Over the next 15 minutes things dramatically changed.  My water broke and I was in hard labor.

I labored in the jaccuzzi and made frequent trips to the bathroom because my “mean” doula forced me to.

Things were intense for a long time…I thought I was dying, and I was okay with that.

“Gentle Birth”.  What a crock!

And then there was a sudden calm in the storm of contractions.

I welcomed this unexpected break from the ongoing pain.

I closed my eyes, relaxing in the warm water of the tub.

But wait a minute…what was that sensation?

“I don’t think I can do this,” I verbalized to the doula.

“What do you mean you can’t do this?” she inquired.

“I can feel pressure and stinging. I think the baby is coming.”

“What?!” (My doula’s shocked surprise.) “Duff, go get the car.  Pull it alongside the building by the side entry.”

The doula attempted to make me presentable for transport to the hospital.

I was beginning to think (in my altered mental state) that the hotel was a perfect place to have a baby.

We waited.

And waited.

And waited.

“Where could he be?  What is taking him so long?” my doula wondered.

(He had apparently decided to checkout of the hotel before transporting me to the hospital.  But in his defense, he did cut to the front of the line. ;) )

The door bursts open and my prince charming arrives pushing a luggage cart.

“Hop on!” they instructed me.

“NO way!” I reply, making it perfectly clear I refuse to take a ride on that contraption.

In fact, I refused to leave the room at all.  Duff had to force me to my feet and insist I make it to the hospital.

Now you have to understand the corridors of this hotel were like something out of “The Shining”.

They were so stinkin’ loooong!

And I’m in the second stage of labor.

Contractions are coming every few minutes and lasting approximately 45-90 seconds.

I don’t want to get up off the ground, much less walk the lengths of these hallways.

We mobilize.

I make it to the elevator and fall to my knees with the next contraction.

The elevator descends to the ground floor.

The doors open.

The doors close.

I can NOT move.

“I’m going to have the baby right here!” I announce.

Each time the elevator doors open…they reveal a still larger crowd of people standing with mouths agape.

At last the contraction ends and this motley crew heads down the hallway to the side door where our ride awaits us.

I have a fuzzy memory of a gentleman asking if he could assist us in any way.  And maybe, just maybe, our doula throwing the PT ball into his helpful hands.  I’m not entirely sure.  It’s all a little bit blurry at this point.

I walk through a door held open, into the cool evening air, and immediately hit the sidewalk as another contraction renders my legs useless.

The doula calmly explains that Duff needs to call 911 because we are going to have this baby right here on the sidewalk.

Perhaps the image of me, delivering on concrete, was just too much…

Whatever the reason, I leapt to my feet when the contraction ended and scooted into the front seat of the car.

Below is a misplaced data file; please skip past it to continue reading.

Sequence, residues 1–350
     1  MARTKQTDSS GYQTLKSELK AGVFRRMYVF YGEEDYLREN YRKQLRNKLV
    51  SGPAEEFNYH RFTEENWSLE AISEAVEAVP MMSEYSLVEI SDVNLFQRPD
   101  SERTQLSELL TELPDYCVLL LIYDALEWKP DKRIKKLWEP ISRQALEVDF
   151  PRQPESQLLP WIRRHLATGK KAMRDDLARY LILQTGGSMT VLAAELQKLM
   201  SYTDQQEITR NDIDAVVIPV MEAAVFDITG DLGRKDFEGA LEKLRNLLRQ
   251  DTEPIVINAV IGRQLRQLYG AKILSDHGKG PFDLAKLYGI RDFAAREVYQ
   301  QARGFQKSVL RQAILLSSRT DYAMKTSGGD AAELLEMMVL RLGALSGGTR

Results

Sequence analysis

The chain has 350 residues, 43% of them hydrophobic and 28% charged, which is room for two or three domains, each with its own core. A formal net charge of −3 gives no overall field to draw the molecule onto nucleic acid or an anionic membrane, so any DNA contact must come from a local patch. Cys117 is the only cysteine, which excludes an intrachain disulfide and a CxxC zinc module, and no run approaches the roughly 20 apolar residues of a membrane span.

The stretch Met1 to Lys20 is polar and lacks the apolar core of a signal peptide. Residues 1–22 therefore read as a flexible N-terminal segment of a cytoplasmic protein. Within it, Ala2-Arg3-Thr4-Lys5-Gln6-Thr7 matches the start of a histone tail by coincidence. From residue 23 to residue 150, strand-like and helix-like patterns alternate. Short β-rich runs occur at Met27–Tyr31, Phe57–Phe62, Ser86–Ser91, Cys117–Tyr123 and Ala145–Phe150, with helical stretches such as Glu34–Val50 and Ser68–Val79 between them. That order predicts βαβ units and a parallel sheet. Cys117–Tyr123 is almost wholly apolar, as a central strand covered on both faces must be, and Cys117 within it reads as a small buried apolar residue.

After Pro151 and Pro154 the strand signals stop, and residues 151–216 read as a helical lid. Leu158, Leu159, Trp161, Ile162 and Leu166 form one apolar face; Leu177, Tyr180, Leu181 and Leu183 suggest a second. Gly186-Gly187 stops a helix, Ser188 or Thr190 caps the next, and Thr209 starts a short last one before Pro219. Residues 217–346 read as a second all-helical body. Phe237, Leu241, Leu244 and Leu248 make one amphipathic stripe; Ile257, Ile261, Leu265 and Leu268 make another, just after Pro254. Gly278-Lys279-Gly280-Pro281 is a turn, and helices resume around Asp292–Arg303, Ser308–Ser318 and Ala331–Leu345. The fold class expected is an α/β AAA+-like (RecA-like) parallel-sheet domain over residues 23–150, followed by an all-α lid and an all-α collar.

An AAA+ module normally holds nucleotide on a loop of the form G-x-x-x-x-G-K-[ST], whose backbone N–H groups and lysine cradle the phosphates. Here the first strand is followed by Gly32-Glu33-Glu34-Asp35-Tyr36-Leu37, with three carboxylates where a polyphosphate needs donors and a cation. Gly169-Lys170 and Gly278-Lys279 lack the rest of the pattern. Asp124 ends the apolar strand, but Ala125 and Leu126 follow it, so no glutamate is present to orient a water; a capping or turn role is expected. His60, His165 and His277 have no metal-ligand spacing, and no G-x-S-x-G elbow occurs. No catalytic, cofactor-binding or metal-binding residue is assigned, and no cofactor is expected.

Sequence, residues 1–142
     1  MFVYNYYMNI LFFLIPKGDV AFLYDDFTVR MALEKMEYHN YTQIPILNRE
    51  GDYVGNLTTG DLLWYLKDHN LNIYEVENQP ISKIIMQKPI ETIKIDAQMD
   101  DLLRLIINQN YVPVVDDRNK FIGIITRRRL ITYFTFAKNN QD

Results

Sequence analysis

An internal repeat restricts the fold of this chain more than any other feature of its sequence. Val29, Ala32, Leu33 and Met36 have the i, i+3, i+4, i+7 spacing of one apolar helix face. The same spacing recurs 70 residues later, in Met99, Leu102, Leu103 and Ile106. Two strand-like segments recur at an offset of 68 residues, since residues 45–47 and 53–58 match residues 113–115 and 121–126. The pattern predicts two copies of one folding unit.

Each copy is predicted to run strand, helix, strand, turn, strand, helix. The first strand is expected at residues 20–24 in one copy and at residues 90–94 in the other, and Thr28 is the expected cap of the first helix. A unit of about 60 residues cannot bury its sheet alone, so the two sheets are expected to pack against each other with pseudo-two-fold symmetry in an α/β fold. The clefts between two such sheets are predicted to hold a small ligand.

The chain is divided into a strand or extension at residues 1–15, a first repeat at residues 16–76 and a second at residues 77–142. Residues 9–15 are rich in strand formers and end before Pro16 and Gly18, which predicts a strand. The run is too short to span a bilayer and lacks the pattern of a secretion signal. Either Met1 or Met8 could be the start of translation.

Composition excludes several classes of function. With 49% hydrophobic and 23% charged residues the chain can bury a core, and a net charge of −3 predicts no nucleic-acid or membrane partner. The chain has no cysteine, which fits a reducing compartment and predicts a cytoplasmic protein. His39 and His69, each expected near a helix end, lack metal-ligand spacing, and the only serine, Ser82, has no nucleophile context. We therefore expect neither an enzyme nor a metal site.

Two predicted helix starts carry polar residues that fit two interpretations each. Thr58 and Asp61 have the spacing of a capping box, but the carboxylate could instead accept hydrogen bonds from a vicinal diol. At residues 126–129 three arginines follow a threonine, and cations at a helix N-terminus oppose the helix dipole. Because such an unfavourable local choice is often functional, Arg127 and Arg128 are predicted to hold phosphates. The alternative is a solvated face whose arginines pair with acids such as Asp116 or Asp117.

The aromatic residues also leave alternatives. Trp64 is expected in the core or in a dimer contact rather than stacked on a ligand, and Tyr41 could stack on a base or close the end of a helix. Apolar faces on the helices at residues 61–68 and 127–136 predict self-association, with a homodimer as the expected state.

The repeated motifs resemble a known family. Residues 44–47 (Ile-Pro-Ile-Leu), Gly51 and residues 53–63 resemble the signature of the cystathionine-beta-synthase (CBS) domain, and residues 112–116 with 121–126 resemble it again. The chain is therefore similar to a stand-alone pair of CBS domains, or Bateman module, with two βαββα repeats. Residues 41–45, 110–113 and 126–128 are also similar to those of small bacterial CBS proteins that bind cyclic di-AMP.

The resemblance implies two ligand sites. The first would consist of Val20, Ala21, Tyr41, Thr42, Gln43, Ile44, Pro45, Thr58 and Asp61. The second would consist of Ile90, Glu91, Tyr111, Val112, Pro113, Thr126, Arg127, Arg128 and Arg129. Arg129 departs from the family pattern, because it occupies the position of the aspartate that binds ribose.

Now this next part is truly one of my favorites…

because at the time I didn’t know whether to laugh or cry.

The doula sat in the backseat of our tiny car and calmly instructed Duff to make a left, up ahead, at the stop sign.  Now Duff knew where he was going, but I guess she figured in light of the present situation,  he might need a gentle reminder.

To say we were astonished when my darling husband made a hard right on two wheels, would be an understatement.

But we regrouped and turned around…

and expected to drive straight through the intersection to correct the erroneous right-hand turn.

Instead my frazzled man makes a hard left, putting us straight back where we’d come from.

Duff was obviously blinded with anxiety.

Flabbergasted, we sought some sort of explanation.

He explained that he could hardly see.  It was as though his eyes were clouded and everything was very dark.

Still, he managed to turn the car about and head off in the right direction, pulling up to the hospital’s emergency department moments later.

A male ER nurse ran out to the car with a wheelchair and I calmly informed him that I planned to give birth right there in the car.

He begged.

He pleaded.

And he begged some more.

I got the distinct impression that he did not feel comfortable catching this baby in the front seat of a Toyota Corolla.

I moved to the wheelchair and was quickly rushed in the back bay of the Emergency Room.

My OB arrived in the next moment, his calm demeanor setting the mood.  He donned his gloves while reminding me that I was about to have a baby.

My doula insisted the nurses dim the bright sterile lights.

And with the next contraction a beautiful, 8 pound baby GIRL was born.  She cried immediately and was placed into my arms.

I smiled but was too exhausted to otherwise move.

Happy Birthday, Keegan Grace O’Melia!!!

You are truly a gift from God!!

(Above is the original spelling of Keagan’s name.  Another story for another time. ;) )


  1. oh my word. what a story. you are such an inspiration. i do feel like being a mom of two is so hard to me and then i see someone like you and just amazed. do share how you do it with me sometime. and how in the world you look like a supermodel post birth! :)